Soy-Hungry China Gets Early Start Buying America’s 2021 Crop
Soybeans are loaded onto a truck after being harvested. (Photographer: Paulo Fridman/Bloomberg)  

Soy-Hungry China Gets Early Start Buying America’s 2021 Crop

China is so hungry for soybeans that it has started buying U.S. supplies from next year’s crop much earlier than usual.

The world’s top importer has been picking up American cargoes over the past week, according to people familiar with the matter, who asked not to be identified because the trades are private. While buyers bought fewer than five cargoes, purchases came earlier than the usual end of the first quarter.

China is loading up on U.S. crops from corn to soybeans to feed a hog population that’s recovering from African swine fever, a deadly pig disease, much faster than traders and analysts expected. The Asian nation’s economy is also recovering from the coronavirus pandemic, helping boost demand for food.

“To me, it is an indication they have a big purchase program for next year,” said Stephen Nicholson, a senior grain and oilseed analyst at Rabobank. “The Chinese have such a big book to buy that just needed to get started sometime, because the longer they wait, the higher the probability of running the price up on themselves.”

The soybeans will load at U.S. ports in October, the people said, adding that Chinese buyers on Monday continued to ask for more offers for supplies from the 2021-22 season. Talk about the purchases helped lift futures traded in Chicago 0.5% for a brief period, after prices started the day in the red.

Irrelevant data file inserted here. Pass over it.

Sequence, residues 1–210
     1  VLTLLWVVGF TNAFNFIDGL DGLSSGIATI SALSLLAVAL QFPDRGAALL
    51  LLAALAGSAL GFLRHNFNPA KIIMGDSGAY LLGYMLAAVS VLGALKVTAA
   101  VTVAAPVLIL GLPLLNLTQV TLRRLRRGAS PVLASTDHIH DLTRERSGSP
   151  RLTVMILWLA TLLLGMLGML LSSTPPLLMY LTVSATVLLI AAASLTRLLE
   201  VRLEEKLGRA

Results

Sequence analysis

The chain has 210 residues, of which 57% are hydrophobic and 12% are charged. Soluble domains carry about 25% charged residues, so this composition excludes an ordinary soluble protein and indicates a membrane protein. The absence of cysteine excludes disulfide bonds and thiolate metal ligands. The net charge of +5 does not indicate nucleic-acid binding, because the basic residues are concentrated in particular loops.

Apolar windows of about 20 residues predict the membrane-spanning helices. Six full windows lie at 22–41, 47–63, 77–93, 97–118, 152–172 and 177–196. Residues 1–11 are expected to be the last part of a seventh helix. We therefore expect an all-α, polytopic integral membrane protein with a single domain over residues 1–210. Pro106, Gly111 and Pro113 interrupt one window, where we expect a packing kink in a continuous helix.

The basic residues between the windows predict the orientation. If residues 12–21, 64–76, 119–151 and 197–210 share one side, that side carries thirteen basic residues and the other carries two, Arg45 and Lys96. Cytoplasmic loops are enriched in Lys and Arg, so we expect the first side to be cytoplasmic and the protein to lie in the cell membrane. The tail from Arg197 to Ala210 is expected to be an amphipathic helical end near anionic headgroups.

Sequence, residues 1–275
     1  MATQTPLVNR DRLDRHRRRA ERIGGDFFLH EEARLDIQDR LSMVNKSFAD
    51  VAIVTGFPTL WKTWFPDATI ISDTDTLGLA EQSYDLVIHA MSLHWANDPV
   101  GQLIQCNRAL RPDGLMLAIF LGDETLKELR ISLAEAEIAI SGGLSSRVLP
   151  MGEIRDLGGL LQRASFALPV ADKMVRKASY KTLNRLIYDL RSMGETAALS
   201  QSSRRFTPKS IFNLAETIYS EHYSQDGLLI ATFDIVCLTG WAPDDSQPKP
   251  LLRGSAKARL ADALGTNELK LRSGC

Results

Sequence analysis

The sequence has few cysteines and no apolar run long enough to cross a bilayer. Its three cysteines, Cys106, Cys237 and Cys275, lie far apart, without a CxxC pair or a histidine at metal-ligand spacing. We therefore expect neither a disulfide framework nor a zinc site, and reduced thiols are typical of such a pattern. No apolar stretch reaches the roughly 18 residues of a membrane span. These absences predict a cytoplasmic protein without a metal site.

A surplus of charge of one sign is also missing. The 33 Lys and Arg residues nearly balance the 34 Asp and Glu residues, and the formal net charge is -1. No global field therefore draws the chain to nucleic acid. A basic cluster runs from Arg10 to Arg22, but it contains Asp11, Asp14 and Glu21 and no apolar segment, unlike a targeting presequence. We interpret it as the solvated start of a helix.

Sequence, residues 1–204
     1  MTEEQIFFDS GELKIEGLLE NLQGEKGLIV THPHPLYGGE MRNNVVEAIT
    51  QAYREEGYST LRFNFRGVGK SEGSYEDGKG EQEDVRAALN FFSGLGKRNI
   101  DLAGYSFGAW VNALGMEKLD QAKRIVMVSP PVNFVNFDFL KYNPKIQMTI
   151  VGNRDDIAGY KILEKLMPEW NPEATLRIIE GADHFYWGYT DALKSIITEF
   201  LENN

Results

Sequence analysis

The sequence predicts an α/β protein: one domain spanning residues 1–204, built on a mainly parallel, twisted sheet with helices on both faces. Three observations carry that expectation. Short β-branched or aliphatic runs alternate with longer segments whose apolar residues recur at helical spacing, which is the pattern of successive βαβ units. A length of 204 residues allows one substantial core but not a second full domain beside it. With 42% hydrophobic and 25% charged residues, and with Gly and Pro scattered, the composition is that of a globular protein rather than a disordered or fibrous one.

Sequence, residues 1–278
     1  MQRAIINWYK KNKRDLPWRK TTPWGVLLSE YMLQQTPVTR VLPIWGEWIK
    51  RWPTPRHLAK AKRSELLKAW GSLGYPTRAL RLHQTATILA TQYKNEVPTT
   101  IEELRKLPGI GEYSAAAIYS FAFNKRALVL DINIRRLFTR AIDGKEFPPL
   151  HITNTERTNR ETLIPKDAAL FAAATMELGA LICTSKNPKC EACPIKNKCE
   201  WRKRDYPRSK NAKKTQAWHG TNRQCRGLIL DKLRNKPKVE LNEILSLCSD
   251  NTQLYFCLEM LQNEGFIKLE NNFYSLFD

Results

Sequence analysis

There’s also speculation that China will need to turn to the U.S. to buy supplies for February as dry weather is delaying the crop in Brazil, the world’s largest producer. The price difference between Brazilian and U.S. supplies for that month is now narrow, and it’s “almost impossible” to find offers from Brazil for the first half of February, according to Chicago-based AgResource.

Soy-Hungry China Gets Early Start Buying America’s 2021 Crop

“The delay in Brazilian seeding combined with recent dry weather has delayed the crop and pushed back maturation,” the consultants said in a report. “This has exporters scrambling.”

“Brazil has a quality and freight advantage into China, but other world importers will be prodded to cover their soy import needs from the US.,” AgResource said.

China may also be concerned about the impact a La Nina weather event could have on crops at a time Brazilian inventories have dried up.

“Without a doubt it’s unusual for China to be going out that far ahead at this time frame,” said Tom Fritz, partner at Chicago-based EFG Group LLC. “It might be a slight hedge against a short Brazilian crop.”

©2020 Bloomberg L.P.

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